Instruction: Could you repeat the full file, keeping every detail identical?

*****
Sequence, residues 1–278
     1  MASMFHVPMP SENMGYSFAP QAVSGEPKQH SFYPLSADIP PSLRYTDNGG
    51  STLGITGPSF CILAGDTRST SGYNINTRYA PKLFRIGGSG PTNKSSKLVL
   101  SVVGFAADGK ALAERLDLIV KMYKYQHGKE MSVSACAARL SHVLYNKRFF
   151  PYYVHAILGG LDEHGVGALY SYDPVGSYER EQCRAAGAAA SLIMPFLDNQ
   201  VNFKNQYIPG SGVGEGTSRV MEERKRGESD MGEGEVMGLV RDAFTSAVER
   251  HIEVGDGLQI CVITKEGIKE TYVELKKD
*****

Sequence, residues 1–278
     1  MASMFHVPMP SENMGYSFAP QAVSGEPKQH SFYPLSADIP PSLRYTDNGG
    51  STLGITGPSF CILAGDTRST SGYNINTRYA PKLFRIGGSG PTNKSSKLVL
   101  SVVGFAADGK ALAERLDLIV KMYKYQHGKE MSVSACAARL SHVLYNKRFF
   151  PYYVHAILGG LDEHGVGALY SYDPVGSYER EQCRAAGAAA SLIMPFLDNQ
   201  VNFKNQYIPG SGVGEGTSRV MEERKRGESD MGEGEVMGLV RDAFTSAVER
   251  HIEVGDGLQI CVITKEGIKE TYVELKKD